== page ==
Thursday, December 1, 2011

Yes Virginia

Do you believe?  
That is the question.

                                                                                                                 Source: via Barbara on Pinterest

It's that time of year again and the question always gets asked. "Mom, is Santa real?"  

When I was little, I don't every remember asking my parents if Santa was real.  But I remember the year I found out.  I was 13 and my best friend came over to tell me everything that was under the tree for her.  We both wanted these really cool items from Mattel.  I asked for the Thingmaker Fun Flowers and she asked for the Creepy Crawlers.  I wanted flowers and she wanted bugs.  It came with a small square heating oven and metal plates like you see below.  Tubes of colored goop came with them.  You would squeeze the colored goop into the design plates, put them in the square heating oven, using tongs, and the goop would turn into a rubber design. After they were all 'cooked', you'd take the plate out and put it into a tray of water to cool off.  One of the best parts was hearing the plate sizzle in the water and watch the steam rise into the air. Once the plates were cool you'd remove the rubber flowers and have tons of fun.  You'd adorn them with little rubber faces, smaller flowers, butterflies, leaves and small little bugs.  You'd do the same with the creepy crawlers, only they were really ugly bugs!

When my friend told me her big present was the Creepy Crawler maker, I was heartbroken.  I always got one big present, something special, something you'd never think you'd get.  You see, I didn't get the Fun Flower maker.  My mother saw the look on my face.  She then jumped up off the couch and said to me. "Oh, you stay right there, I have to run in the cellar to get something."  Upon her return, she held out a box, wrapped in Christmas paper and said to me, "Looks like I forgot to put this under the tree."  Low and behold, it was my Fun Flower maker.

Was I disappointed there was no Santa, no!  All I knew was my parents came through for me and I so appreciated it.  My mom tells me I never really asked for anything so when I did ask, she made sure she did her best to get it for me.

To me, that's what the magic of Christmas is all about.  Believing and hoping.  

My boys are now 13, the same age I was when I found out there was no Santa. Just the other day Michael asked me, "Mom, is there really a Santa?" I just looked at him and said, "Michael, there is if you believe in the magic of Christmas.  As long as there's love in your home, the excitement for the season, the hope of receiving that special gift on your list and how the magic of the ever popular Christmas movie makes you feel, it's okay to believe. And just so you know, the day you stop believing in the magic of Christmas, is the day Santa stops coming to this house!"  I told him if he didn't want to believe, keep it to himself, but don't ruin the magic for me and others around who enjoy this time of year.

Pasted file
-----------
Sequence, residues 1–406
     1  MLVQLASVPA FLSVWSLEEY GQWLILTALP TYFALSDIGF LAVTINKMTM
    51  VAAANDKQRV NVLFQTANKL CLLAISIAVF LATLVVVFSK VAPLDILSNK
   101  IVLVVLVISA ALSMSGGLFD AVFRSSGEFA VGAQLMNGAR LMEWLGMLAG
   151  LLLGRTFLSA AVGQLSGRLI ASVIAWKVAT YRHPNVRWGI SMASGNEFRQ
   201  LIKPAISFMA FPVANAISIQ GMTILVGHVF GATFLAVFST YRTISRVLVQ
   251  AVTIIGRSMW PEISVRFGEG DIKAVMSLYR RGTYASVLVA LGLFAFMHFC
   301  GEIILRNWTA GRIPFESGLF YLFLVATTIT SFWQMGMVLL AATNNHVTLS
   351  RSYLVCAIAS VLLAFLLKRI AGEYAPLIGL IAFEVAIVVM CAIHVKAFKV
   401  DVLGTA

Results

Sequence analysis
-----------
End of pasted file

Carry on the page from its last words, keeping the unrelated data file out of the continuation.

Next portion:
I always get twisted when kids blab to others that there's no Santa.  I don't ever remember anyone in my school saying there was no Santa.  My boys went to parochial school until the 3rd grade.  While in 1st grade, a boy came up to them and told them there was no Santa.  When they came home and asked me about it, I looked at them and said, "It's okay if children do not believe in Santa.  I'm sure they don't get that special gift on their list either." I explained to the boys not everyone celebrates Christmas like we do, maybe there are children in school who's parents didn't have a good childhood and Santa wasn't good to them.  Seeing they were learning about God in school, I asked two questions every time they brought up the Santa question.

I'd ask them, "Have you ever seen God, other than the pictures in your bible?" they would answer no.  I'd ask them, "Do you believe Jesus is real?" and they would answer yes. I always told them, just because you didn't see something or someone for yourself, didn't mean they weren't real.  

My girlfriend sat her 4 kids down a few years back, ages 4 - 11 and told all of them Santa was not real.  I can't even imagine what it was like for her children.  I know why she did it and I was real twisted once she told me.  No more magic, no more wishing and hoping, no more putting cookies out for Santa, no more believing in the unbelievable.  I wonder what Christmas will be like for their children when the time comes.

All I know is this.  As long as I'm alive, the spirit of Santa will live within me, he will be part of my children's, as well as my grandchildren's lives, and he will represent what the Christmas season is all about.  Giving.  Giving your time, giving your heart, giving your love and giving hope to others.  For my family Christmas is about what you can give and not focus on what you want.

We all know the true meaning of Christmas, any Christian family does, but we can have the best of both worlds while we celebrate the wonderful gift of life.   

As Francis P. Church stated~
From the New York Sun, September 21, 1897.
Yes, Virginia, there is a Santa Claus. He exists as certainly as love and generosity and devotion exist, and you know that they abound and give to your life its highest beauty and joy. Alas! how dreary would be the world if there were no Santa Claus! It would be as dreary as if there were no Virginias. There would be no child-like faith then, no poetry, no romance to make tolerable this existence. We should have no enjoyment, except in sense and sight. The eternal light with which childhood fills the world would be extinguished.
Not believe in Santa Claus! You might as well not believe in fairies!

We need to Believe !


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